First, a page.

Stop Interrogating Your Teenager – Just Dialogue

17 November, 2020
As a mother, it's normal to want to know what's going on in your child's life. But interrogating your teenager may not be the best option. Find out why.

Interrogating your teenager will only increase the emotional distance between you and make communication more difficult. Here’s why.

You come home from work and your partner starts asking you: How did it go? Did you deliver that project? Was your meeting postponed? Did you go shopping on your way home? It’s overwhelming just to imagine, isn’t it? So why do we subject our children to this kind of questioning? 

This is a mistake that many parents make, and it’s understandable. We want to know if our children are okay, if they’re having academic or social difficulties and we want to know the most relevant events of their day. Therefore, we start to question them without taking into account that the time, place and manner in which we do so often aren’t the most appropriate.

This can work when children are young, although it’s still uncommon to get more than a simple and monosyllabic answer out of them. However, once they reach adolescence, if communication continues to consist solely of these types of one-way dynamics, adolescents will refuse to provide information.

Stop Interrogating Your Teenager: Just Dialogue

Why should you avoid questioning your teenager?

We often forget that our children, besides being children, are also people. When you talk to a co-worker, friend or family member, you don’t resort to questioning or making demands on them. Similarly, if you want communication to flow with your teenager, you must treat them with respect and strive to build a relationship of trust.

By questioning your teen, you’re implying, first of all, that you don’t trust them. You place yourself in a position of superiority that conveys accountability and a desire to exercise control over your child, something that’s generally unacceptable to young people at this age.

So, with this dynamic, all you do is ask questions, demand answers, and force your child to offer them to you. There’s no dialogue, conversation or reciprocity. In fact, the relationship is more like that of a boss and an employee, or a policeman and a suspect, rather than that of two people who love, support and accompany one another.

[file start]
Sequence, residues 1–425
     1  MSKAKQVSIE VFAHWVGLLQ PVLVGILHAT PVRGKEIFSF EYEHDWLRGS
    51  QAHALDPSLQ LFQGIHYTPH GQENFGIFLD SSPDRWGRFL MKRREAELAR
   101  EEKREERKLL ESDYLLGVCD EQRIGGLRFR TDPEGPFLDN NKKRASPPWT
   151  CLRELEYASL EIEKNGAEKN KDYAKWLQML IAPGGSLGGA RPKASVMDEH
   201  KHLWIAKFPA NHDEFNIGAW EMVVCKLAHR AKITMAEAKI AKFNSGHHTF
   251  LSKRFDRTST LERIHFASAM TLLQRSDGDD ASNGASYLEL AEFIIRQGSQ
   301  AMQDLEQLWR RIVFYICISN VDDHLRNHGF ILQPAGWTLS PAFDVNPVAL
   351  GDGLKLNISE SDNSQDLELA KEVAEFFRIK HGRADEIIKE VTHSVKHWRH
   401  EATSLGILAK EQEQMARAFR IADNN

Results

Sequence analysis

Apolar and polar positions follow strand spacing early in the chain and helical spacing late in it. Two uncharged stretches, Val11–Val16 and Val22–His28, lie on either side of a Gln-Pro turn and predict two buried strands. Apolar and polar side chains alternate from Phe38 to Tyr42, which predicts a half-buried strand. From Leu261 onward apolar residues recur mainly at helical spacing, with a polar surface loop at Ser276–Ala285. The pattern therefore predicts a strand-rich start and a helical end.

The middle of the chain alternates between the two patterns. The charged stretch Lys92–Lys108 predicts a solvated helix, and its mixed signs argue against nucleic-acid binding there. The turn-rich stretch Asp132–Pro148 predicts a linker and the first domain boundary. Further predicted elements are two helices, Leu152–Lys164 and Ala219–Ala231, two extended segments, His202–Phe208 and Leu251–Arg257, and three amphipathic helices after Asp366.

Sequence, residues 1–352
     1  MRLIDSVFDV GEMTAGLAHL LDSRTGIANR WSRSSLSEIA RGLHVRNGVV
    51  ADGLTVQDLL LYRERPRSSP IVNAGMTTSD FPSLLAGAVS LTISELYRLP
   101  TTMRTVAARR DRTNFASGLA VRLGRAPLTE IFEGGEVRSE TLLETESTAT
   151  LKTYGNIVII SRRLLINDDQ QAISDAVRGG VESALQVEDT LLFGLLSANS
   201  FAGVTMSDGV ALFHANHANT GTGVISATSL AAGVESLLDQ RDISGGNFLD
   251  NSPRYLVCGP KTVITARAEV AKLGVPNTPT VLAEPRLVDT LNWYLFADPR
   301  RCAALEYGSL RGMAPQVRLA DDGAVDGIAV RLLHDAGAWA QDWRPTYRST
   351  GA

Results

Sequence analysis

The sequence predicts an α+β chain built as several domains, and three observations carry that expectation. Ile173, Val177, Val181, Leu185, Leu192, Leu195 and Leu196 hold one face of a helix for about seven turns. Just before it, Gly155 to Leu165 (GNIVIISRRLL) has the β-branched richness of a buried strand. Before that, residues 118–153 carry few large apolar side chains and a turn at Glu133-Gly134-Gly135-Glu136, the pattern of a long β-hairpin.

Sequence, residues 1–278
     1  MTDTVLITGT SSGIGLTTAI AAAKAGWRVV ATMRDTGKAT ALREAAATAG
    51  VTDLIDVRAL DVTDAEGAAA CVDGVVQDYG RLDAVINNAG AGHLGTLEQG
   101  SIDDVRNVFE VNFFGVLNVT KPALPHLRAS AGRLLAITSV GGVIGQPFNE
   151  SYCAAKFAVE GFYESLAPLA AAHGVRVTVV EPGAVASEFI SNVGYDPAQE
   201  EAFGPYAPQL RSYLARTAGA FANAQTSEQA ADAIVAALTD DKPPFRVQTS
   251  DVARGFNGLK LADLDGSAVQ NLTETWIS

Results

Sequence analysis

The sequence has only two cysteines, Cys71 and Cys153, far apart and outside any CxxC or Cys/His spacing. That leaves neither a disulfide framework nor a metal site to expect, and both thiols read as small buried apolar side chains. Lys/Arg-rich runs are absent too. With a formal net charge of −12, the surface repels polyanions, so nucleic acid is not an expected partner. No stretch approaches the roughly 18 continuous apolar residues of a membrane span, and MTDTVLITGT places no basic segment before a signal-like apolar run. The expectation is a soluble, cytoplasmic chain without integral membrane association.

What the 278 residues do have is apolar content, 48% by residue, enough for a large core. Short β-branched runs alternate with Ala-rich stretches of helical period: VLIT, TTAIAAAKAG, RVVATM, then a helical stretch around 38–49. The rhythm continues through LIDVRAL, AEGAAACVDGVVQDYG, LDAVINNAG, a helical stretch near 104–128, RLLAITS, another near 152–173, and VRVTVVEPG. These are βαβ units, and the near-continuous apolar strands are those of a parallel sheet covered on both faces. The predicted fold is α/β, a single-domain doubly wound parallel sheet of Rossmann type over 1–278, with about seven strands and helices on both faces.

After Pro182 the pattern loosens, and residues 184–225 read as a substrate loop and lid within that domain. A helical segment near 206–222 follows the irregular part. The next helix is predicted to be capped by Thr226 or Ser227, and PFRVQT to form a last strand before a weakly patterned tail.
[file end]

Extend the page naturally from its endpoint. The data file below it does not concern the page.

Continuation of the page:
Your teenager still needs you

Many parents think that interrogation, even if it’s not the best, is the only way to communicate with their children and find out what’s going on in their lives. They claim that since puberty, the young person has become distant, isolated or focused on their friendships. What’s more, they no longer share their private life with their parents.

Indeed, adolescence is a major paradigm shift. The family ceases to be the center of the child’s world and friendships and social circles with their peers acquire a priority role.

However, this doesn’t mean that your adolescent child doesn’t need and want the advice, affection, and support of their parents. Family relationships of affection and trust are very nourishing and necessary throughout life. And this is especially true in a stage as complex and delicate as adolescence.

How do you approach your teenager without interrogating them?

So, the question is, “How can I approach my child without overwhelming him or her with questions?” The key is to strive to forge a loving, harmonious and healthy relationship. It would be great to begin to strengthen the bond from childhood, but it’s never too late to start or change your child’s educational style.

Stop Interrogating Your Teenager: Just Dialogue

Thus, first of all, you need to always be willing to listen. Sometimes your child will spontaneously want to share their experiences with you or will need your advice. Pay attention at those moments, dedicate your five senses to your child and show them that you’re there for them.

At the same time, make sure you don’t judge or lecture your child when he or she opens up. If they come to you with a problem or a doubt and you scold them for their bad behavior or poor decision making, they’ll shut down and probably avoid communicating with you next time. Advise them, yes, but don’t judge them. Be supportive.

Finally, it’s important that communication be natural and two-way. In other words, open up to your child too. Talk to them about your childhood or about what’s happening in your day-to-day life. Share your experiences and emotions with them so that they feel that it’s something reciprocal and that trust is mutual. This will be very pleasant and enriching for both of you.